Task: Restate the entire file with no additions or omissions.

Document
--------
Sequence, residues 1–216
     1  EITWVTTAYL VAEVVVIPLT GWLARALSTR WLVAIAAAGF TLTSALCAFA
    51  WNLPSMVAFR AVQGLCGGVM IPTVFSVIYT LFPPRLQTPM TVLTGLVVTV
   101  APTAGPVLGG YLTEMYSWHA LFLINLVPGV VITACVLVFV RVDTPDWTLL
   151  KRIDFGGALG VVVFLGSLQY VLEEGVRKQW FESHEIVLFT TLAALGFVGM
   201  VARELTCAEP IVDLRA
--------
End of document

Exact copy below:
Sequence, residues 1–216
     1  EITWVTTAYL VAEVVVIPLT GWLARALSTR WLVAIAAAGF TLTSALCAFA
    51  WNLPSMVAFR AVQGLCGGVM IPTVFSVIYT LFPPRLQTPM TVLTGLVVTV
   101  APTAGPVLGG YLTEMYSWHA LFLINLVPGV VITACVLVFV RVDTPDWTLL
   151  KRIDFGGALG VVVFLGSLQY VLEEGVRKQW FESHEIVLFT TLAALGFVGM
   201  VARELTCAEP IVDLRA